At the height of sexual arousal, the body releases all of the tension built up during sexual activity in an orgasm. For many, this experience involves intense feelings of physical pleasure, either isolated to the genitals or radiated throughout the entire body. During an orgasm, our brains get flooded with dopamine and oxytocin. This reinforces our desire to repeat the process and generates feelings of deep attachment if other people are involved.
However, orgasms are not distributed evenly throughout the population. Men tend to have more orgasms than women, people in committed relationships tend to have more orgasms than those just hooking up, lesbians tend to have more orgasms than straight women, and women tend to have more orgasms when they masturbate alone.
Since we know these disparities exist, are Americans attempting to close the gap? And how might your sexual preferences contribute to the frequency and regularity of orgasms? We asked 1,119 people to find out.
The orgasm gap — the difference in the average number of orgasms between men and women — is a relatively well-known phenomenon, but we wanted to investigate its specifics. Across genders and generations, we wanted to know who’s having orgasms, how often, with whom, and what techniques people use to expedite the process. How many orgasms were faked, and why do people pretend to have them? And, perhaps most importantly, we wanted to know what people think prevents them from achieving regular orgasms.
We asked 1,119 individuals a series of questions regarding their relationships and sexual preferences to better understand individual differences in orgasm count, quality, and reality.
On average, our survey participants reported engaging in masturbation once or twice a week and having sex with a partner another one or two times every week, for an average of 4.8 orgasms per week. While we found that some trends align with popular conceptions of orgasm frequency — men orgasm more often than women, and people in long-term relationships have sex less often than couples in the honeymoon period — some people have far more orgasms than you might think.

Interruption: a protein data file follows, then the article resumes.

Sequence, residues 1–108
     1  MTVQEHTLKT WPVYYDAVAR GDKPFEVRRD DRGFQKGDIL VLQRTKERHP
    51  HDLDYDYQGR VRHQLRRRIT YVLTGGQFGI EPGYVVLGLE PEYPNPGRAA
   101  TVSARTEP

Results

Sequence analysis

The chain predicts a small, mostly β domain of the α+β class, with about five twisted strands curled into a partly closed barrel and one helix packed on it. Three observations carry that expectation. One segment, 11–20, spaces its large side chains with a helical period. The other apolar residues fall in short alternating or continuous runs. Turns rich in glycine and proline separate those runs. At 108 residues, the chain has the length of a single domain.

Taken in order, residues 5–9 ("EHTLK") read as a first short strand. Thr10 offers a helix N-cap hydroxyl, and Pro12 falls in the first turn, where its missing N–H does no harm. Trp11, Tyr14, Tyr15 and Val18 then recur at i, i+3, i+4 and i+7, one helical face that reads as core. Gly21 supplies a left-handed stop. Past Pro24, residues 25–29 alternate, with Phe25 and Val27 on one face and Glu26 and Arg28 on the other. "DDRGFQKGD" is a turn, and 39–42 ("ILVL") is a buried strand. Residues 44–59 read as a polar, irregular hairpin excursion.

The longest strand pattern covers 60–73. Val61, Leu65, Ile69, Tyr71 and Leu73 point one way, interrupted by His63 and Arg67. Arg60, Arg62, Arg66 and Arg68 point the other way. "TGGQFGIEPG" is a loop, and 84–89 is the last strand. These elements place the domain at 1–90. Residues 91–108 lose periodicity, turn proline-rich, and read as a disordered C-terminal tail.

The vast majority of our respondents (91.2%) were currently living with a partner. Most of them were married (83%), some were dating (11.8%), and a handful were in domestic partnerships (4.6%). Of these three groups, we found our married participants were averaging more orgasms per week (4.8) than our single participants (4.5) or those in domestic partnerships (4.1).
It’s a common assumption in American culture that once you get married, your sex life crashes and burns. Even if this is true, a decline in the frequency of sex doesn’t necessarily mean a drop in the overall gratification derived from having sex. As trust and compatibility increase, so can sexual satisfaction, which could explain why our married respondents were having more orgasms than our less-committed respondents — even if they might be having less sex overall. Compared to their first marriages, people who have gotten remarried also tend to have more regular sex, a factor that wasn’t accounted for in our study.
Overall, most of our respondents (81.7%) stated they had children at home. But to our surprise, this group reported having significantly more orgasms per week (4.6) than those without children or without children still living at home (3.9). Perhaps, as more young adults than ever before continue to live at home, our participants in this situation have had to become more purposeful and efficient in terms of having and enjoying regular sex.
Just over half of our total number of respondents (55.1%) had been in their current relationships anywhere from three to 10 years, while less than a quarter (17.6%) had been with their current partner(s) for less than two years. The rest had been in the same relationship for 11 years or more.